Suspicions that certain teams might be taking advantage of what the wording of the regulations allows to create flexi-floors is what has triggered the FIA to take action with the technical directive clamping down on such designs that will kick in at the French Grand Prix later this month.
So what might teams be doing? This illustration is a cross-section of what I would be looking to achieve if I was still closely involved with a team and wanted to come up with a design taking advantage of this.
The black area is the chassis, the grey is the floor, the plank is wooden and the yellow is the skid material around the holes in the plank.
The holes themselves are used to measure the thickness of the plank, so the more protection that you can give them from a very hard material the better.
The purple part of the diagram is one of the rams – two at the front, one at the rear. These locations are marked in red circles on the underfloor of the Alfa Romeo of Zhou Guanyu, who gave us a good look at the underside of a current car at Silverstone.
The FIA uses these as their datum to measure the location of other components around the car, including the front wing height, the front wing overhang and the rear wing height and overhang, to name but a few.
To take these measurements, the car is pushed onto what has been nicknamed ‘the bridge of doom’. The rams fit through the holes in the plank and are then powered up until they touch what is called the reference plane (red dotted line).
Then they are loaded to a certain level to make sure this area supports the weight of the car. In this layout, it is basically a hard point in the chassis to support that weight.
Using my design, you could construct your floor with, for example, some sort of memory foam insert between two carbon skins. When the plank hits the ground, it would compress that memory foam and allow the plank to be pushed upward by a few millimetres. This would reduce the wear on the plank or its skids.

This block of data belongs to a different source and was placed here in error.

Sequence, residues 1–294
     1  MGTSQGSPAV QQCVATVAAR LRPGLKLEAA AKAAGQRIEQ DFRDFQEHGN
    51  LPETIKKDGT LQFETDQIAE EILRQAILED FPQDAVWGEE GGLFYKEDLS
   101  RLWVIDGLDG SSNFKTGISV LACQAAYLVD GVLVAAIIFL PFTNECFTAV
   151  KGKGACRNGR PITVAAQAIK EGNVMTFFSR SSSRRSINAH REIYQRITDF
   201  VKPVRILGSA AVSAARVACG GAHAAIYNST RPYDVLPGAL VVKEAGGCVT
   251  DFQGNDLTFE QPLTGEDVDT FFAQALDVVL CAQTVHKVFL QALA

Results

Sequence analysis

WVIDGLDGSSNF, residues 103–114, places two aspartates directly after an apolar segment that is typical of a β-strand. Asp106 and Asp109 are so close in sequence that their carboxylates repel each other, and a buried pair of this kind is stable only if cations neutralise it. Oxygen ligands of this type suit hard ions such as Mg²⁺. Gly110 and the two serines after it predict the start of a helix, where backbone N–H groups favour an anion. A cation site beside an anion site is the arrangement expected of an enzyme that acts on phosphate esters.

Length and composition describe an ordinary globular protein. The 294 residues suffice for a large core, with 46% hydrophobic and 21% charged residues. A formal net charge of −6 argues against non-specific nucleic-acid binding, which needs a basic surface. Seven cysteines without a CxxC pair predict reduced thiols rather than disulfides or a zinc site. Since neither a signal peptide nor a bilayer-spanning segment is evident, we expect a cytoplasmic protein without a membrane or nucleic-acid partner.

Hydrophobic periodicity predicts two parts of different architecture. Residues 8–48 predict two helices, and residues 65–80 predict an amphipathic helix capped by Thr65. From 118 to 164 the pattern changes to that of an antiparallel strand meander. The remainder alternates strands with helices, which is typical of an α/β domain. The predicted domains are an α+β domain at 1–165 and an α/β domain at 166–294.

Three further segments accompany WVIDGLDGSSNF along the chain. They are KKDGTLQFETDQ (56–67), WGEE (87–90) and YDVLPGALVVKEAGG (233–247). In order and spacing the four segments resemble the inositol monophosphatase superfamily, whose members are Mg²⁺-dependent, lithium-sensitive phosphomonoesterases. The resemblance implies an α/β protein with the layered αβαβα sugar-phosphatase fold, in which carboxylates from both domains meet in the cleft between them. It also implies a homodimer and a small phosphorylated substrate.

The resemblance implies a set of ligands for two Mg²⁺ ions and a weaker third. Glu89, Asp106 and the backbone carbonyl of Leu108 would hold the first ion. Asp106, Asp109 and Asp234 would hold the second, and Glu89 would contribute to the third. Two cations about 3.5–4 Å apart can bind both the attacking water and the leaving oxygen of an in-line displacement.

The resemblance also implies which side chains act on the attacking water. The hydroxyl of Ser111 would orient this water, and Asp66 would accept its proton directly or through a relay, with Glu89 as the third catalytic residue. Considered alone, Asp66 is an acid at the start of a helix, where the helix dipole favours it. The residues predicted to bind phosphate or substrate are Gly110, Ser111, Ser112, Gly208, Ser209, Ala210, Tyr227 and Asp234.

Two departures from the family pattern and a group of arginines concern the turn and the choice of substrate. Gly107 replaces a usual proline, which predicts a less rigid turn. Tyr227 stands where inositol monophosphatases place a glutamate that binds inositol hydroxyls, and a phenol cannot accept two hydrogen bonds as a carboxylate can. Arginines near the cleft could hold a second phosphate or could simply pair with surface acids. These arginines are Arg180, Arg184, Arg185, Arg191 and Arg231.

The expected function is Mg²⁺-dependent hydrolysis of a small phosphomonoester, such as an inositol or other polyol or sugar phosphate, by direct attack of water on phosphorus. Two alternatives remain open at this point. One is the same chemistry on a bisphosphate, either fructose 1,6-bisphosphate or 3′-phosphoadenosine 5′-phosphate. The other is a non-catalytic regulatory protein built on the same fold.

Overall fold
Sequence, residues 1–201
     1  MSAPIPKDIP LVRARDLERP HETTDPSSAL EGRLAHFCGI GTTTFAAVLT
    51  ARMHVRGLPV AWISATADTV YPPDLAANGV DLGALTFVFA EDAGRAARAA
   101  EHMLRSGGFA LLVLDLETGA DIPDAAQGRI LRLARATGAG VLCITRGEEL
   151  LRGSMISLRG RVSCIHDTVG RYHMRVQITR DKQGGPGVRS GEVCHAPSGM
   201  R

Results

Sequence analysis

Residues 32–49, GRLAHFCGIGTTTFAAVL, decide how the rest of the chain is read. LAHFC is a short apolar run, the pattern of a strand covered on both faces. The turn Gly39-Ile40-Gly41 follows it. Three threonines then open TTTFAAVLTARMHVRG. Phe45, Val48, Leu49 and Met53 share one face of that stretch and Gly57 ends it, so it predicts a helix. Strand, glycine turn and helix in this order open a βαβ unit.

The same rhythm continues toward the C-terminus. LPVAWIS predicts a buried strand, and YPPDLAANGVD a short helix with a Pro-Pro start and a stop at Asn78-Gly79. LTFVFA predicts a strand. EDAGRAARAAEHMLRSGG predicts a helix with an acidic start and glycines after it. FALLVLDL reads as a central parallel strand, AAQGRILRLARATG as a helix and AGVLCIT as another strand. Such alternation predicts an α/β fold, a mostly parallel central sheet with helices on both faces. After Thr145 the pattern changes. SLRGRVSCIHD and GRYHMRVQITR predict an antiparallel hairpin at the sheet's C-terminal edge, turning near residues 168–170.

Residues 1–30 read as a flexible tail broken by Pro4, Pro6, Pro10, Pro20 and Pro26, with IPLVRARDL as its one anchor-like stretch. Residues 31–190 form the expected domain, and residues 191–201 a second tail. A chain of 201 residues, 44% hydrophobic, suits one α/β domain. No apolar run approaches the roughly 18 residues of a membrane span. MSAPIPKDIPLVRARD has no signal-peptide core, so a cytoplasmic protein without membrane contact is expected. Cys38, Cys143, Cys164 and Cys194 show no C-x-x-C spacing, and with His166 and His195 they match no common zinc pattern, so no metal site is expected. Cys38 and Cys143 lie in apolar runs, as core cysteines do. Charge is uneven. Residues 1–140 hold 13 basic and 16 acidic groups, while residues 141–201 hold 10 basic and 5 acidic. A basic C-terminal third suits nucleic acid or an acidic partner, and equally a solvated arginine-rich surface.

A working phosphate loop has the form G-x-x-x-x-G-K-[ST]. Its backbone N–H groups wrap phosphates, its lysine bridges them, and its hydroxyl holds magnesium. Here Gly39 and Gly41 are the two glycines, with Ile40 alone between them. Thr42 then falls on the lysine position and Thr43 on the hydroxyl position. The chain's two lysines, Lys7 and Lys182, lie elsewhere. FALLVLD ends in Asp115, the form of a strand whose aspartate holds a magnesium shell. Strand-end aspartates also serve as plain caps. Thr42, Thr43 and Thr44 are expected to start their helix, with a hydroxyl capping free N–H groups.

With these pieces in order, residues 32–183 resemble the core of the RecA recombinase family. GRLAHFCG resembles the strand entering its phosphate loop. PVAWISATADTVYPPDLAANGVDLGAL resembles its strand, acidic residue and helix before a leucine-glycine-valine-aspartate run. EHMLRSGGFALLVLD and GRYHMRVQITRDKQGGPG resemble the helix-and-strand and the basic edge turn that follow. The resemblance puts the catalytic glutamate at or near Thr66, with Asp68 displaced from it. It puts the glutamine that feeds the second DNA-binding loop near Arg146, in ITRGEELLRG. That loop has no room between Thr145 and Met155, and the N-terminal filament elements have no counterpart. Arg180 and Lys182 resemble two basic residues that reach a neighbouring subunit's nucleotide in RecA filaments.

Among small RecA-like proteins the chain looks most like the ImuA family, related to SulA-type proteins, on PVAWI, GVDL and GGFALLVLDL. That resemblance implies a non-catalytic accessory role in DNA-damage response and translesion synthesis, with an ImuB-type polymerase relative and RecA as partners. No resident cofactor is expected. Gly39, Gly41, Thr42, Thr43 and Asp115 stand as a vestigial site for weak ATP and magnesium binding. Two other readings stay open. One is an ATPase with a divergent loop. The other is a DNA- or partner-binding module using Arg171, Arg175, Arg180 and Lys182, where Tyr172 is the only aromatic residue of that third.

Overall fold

By doing this you could run the ride height lower and not suffer so much plank wear, it would also mean that when the skids hit the ground the impact load on the chassis and in turn the driver would be reduced.
We also know that several teams mount the front skid on a spring and damper unit. This is located at the front of the plank.
Several teams have such a spring and damper unit, including Haas (pictured), so from that we know that they can preload this spring to accept the deflection test load but then break the preload when the load is higher, reducing the wear on the front skid.
The other two holes in the plank (yellow circle on the Zhou underside diagram) are also for plank wear check. They are also protected by a skid to one side of the hole.
The major problem with my scheme is that if the FIA was clever enough to change the diameter of its rams to be bigger than the holes in the plank and then do a back-to-back test, they would discover that the floor compresses with the same load as it takes to lift the chassis for the initial legality tests so it would mean that other areas of the car become illegal.
Well, that’s exactly what the FIA is intending to do in Paul Ricard. So if any team is up to something like my scheme, they will suffer more than those that are squeaky clean.
But of course, this is F1, so squeaky clean is perhaps not a phrase that ever applies.